•Former offices on the first floor of the main building are being transformed into a patient-care area at a cost of $3 million.

•The medical center is putting together a sterile processing service department to clean instruments and equipment that have always been sent to the VANIHCS campus in Marion for sterilization. The cost: $5 million.

•A dental clinic on the fifth floor is relatively new. So are a laboratory and patient waiting area on the second floor.

“People used to sit in the hallway,” said Dr. Susan Sorensen, chief of pathology and laboratory medicine.

•Rooms have been spruced up in the fourth-floor hospital, which has resumed most inpatient services since suspending them in October 2012 after VA officials identified shortcomings in management leadership, clinical judgment and nurse competencies.

Inpatient chemotherapy infusions were restored about the same time Deitzen took over as director. Acute care and telemetry services have been reinstated. All that remains is reopening the four-bed intensive care unit.

Deitzen said the ICU will be brought back at some point as a Level 4 unit, which would handle the least-complex cases – typically those requiring hospital stays shorter than 72 hours – among VA’s four ICU levels. Before it closed, the ICU was a Level 3 unit.

“We are working on policies and procedures and training” for the ICU, Deitzen said. “We are looking at the staff we need to make sure we have the right staff mix available and bringing them on board.”

Complex cases will continue to be referred to local private hospitals and other VA sites. Since March 2013, the medical center has made 105 such referrals.

Sixteen acute-care beds are available in the fourth-floor hospital. The highest daily patient count has been 15, although the hospital averages only six patients a day, according to Elaine Barth, nursing manager at the medical center.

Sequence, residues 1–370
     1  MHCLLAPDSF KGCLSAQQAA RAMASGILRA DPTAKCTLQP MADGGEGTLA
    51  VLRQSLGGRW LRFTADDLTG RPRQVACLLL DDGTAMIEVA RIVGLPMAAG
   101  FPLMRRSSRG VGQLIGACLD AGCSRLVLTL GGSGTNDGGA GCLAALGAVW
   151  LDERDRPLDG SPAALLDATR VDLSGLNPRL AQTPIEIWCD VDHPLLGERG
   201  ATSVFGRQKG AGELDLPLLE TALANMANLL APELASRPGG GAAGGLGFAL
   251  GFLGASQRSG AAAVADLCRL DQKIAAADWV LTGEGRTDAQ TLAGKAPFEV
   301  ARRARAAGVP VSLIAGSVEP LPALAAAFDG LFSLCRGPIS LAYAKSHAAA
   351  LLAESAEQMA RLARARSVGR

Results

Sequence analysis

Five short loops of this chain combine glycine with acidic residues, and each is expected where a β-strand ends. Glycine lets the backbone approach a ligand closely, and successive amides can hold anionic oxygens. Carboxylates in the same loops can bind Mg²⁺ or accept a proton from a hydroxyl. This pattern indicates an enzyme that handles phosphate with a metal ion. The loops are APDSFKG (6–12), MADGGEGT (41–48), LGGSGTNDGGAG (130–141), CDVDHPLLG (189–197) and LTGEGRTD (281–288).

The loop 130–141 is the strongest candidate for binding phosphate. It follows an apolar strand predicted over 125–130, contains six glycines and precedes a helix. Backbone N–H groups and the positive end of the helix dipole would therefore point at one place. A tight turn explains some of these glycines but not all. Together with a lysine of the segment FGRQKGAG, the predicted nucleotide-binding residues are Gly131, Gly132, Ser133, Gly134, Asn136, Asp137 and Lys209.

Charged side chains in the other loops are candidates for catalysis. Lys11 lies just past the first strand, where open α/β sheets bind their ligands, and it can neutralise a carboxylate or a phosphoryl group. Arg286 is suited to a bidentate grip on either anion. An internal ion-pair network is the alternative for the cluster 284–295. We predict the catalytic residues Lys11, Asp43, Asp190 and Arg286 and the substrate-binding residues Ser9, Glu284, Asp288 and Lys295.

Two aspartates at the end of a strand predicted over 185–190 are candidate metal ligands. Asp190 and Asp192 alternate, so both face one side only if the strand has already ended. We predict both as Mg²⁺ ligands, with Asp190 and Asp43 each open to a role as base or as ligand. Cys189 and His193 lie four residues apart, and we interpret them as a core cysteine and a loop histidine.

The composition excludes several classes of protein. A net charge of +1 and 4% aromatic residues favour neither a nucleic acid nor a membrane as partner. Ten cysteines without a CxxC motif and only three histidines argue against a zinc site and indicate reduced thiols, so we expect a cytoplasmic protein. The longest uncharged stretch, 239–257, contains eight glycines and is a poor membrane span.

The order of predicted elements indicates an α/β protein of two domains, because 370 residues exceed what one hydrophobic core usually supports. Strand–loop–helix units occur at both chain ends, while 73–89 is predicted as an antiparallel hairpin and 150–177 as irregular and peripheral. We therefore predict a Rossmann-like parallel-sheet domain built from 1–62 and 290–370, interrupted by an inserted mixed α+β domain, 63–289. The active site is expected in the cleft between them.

“We have not had to turn anybody away because we did not have beds,” Barth said of the phase-in of inpatient care.

Deitzen said the VA Medical Center receives “good support” from the Ann Arbor, Mich.-based Veterans Integrated Service Network 11, which oversees clinics in much of Indiana and Michigan and parts of Illinois and Ohio. The new director and the new chief medical officer for VISN 11 have visited the Fort Wayne campus, and the chief medical officer will be back soon.

“As we’re standing up the ICU, they’ve been very helpful in working with us and giving us feedback and helping us develop how we can improve on that,” Deitzen said.

VANIHCS is scheduled next year to move its mental health care services from the fifth floor of the medical center to a nearby clinical building owned by Parkview Health. In fiscal 2013, more than 3,600 military veterans made more than 22,600 visits to the medical center to receive mental health treatment from the center’s 20 psychiatrists, psychologists and social workers.

The shift of mental health services to the Parkview building will free up space and parking at the main campus, Jennifer Baran-Prall, administrative assistant to Deitzen, said during Wednesday’s tour.

“This is always going to be a busy place,” Baran-Prall said about the campus as she glanced at the packed waiting room in the first-floor lobby. “We want it to continue to be busy.

“It’s an old facility,” she said, “but we are doing our best to keep it updated.”